St. Paul, MINN. — The American Civil Liberties Union of Minnesota and the ACLU filed a motion yesterday to intervene on behalf of a transgender student in a lawsuit that seeks to bar trans students from using locker rooms consistent with the student’s gender identity.
The transgender girl, identified as Jane Doe to protect her privacy, is a sophomore in high school at a public school in Virginia, Minnesota. Last year she played on the girls’ basketball and track team, and she currently plays on the girls’ volleyball team. A small group of parents, acting through an organization they have named “Privacy Matters,” have filed a complaint against Doe’s school district and the U.S. Department of Education for protecting Doe from discrimination when using the locker room.
The lawsuit seeks to segregate Doe from her peers, prevent her from using the girls’ locker room. The complaint singles her out from her teammates using misleading innuendo and salacious phrasing to depict the ordinary behavior of a teenage girl dancing with the rest of her friends as threatening or scandalous, just because she is transgender.
“This lawsuit has been devastating to my daughter and our family. She just wants to live a normal life,” said the mother of Jane Doe, identified as Sarah Doe in the lawsuit.
“Providing inclusive and nondiscriminatory treatment to Jane Doe does not threaten anyone else’s privacy. The entire team talks, listens to music, and dances in the locker room as part of team camaraderie, and it is unfortunate that the plaintiffs have singled Jane Doe out from the rest of her teammates with these sensational allegations just because she is transgender,” said Joshua Block, senior staff attorney at the ACLU. “Schools can provide extra privacy protections or alternative changing areas for any student uncomfortable changing with the rest of the team, but no student has a right to unilaterally demand that transgender teammates be segregated from the team locker room.”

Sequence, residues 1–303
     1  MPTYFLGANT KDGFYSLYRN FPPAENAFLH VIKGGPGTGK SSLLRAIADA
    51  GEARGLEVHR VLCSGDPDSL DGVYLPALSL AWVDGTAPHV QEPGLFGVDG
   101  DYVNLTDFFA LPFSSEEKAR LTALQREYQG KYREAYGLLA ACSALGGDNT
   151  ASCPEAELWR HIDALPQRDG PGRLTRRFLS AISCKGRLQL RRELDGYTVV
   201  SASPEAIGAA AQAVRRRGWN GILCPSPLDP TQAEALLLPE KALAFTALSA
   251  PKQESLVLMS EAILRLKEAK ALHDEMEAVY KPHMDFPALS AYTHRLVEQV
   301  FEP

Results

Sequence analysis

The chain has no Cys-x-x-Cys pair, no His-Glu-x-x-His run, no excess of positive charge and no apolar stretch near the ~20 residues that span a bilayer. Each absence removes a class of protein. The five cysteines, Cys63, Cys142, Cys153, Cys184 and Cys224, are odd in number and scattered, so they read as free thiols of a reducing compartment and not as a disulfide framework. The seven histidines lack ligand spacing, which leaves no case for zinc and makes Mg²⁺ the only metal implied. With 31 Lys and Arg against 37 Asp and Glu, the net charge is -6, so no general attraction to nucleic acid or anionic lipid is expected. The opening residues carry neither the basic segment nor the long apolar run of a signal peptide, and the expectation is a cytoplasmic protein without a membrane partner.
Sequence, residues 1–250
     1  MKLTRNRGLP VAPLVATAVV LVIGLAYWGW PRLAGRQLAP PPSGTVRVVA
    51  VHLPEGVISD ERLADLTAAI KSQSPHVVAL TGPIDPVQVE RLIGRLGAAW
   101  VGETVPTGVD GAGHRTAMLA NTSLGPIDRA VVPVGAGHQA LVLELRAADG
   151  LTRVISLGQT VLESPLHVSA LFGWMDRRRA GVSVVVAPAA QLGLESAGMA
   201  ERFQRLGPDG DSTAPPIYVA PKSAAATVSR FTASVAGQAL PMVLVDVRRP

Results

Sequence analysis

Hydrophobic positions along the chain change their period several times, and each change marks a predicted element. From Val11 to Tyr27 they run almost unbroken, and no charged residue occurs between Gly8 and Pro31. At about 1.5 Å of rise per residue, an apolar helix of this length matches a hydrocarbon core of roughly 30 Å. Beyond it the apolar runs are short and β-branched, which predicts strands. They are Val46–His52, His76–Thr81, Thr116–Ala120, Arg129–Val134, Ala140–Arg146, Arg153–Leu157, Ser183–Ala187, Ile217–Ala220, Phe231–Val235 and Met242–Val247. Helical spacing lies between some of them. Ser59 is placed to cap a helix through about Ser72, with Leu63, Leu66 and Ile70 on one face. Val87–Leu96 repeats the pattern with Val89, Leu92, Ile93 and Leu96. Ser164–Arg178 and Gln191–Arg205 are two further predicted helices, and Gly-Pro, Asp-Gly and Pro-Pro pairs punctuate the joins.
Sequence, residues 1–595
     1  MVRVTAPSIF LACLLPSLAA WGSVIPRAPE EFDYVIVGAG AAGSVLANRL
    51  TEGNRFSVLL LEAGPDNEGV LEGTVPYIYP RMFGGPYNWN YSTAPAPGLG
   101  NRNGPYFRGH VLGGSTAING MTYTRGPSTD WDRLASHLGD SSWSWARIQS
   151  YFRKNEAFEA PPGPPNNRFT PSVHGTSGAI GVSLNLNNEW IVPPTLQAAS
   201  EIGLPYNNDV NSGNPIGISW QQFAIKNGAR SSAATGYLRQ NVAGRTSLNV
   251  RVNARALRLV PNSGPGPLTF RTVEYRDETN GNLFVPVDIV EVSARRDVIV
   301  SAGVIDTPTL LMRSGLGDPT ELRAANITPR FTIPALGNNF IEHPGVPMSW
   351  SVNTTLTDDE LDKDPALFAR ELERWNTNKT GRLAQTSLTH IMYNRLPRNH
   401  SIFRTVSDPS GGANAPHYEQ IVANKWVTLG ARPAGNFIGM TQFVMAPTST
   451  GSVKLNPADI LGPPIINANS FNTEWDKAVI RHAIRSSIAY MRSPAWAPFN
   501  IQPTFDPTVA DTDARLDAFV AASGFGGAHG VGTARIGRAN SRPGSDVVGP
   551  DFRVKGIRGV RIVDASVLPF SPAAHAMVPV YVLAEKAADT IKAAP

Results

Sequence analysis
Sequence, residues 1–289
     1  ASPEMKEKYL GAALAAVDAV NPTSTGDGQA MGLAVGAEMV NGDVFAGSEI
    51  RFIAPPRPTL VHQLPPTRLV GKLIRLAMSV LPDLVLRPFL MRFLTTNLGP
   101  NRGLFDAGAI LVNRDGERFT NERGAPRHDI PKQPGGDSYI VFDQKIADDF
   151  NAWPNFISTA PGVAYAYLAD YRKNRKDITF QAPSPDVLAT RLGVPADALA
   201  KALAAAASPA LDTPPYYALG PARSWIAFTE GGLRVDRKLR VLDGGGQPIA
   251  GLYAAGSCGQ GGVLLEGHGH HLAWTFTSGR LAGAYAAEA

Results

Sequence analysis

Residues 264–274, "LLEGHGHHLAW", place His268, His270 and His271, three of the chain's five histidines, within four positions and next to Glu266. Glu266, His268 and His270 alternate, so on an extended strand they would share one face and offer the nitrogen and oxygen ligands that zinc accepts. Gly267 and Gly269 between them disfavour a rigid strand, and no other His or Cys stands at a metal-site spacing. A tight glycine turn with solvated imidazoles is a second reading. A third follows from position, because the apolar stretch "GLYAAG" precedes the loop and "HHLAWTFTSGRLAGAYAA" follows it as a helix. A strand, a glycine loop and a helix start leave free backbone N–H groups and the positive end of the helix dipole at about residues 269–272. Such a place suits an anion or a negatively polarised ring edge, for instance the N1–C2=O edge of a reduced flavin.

Doe’s brief argues that she has a right to be free from discrimination on the basis of her sex under the Constitution and Title IX, a federal law which prohibits sex discrimination in educational institutions that receive federal funding. The brief also explains that using the girls’ locker room and restroom is a critical part of Doe’s medical treatment and has had a substantial positive effect on Doe’s health and well-being.
“Jane Doe wants what all of us want, to be accepted for who she is and participate as a member of the team, just like any other girl,” said Charles Samuelson, executive director of the ACLU of Minnesota. “It is hard enough being a teenager without being de-humanized and targeted with these false and sensational allegations.”
The lawsuit was filed in federal court in September 2016. This case is similar to lawsuits filed around the country that are trying to prevent transgender students from using the locker rooms and restrooms that match their gender identity.
Attorneys in the case include Timothy Griffin, Brian Thomson, Andrew Davis, and Ivan Ludmer of the law firm Stinson Leonard Street, Teresa Nelson of the ACLU of Minnesota, and Block of the ACLU.
The motion to intervene can be found here: https://www.aclu-mn.org/files/2314/7637/1653/ACLU_memo_Jane_Doe_trans_case.pdf
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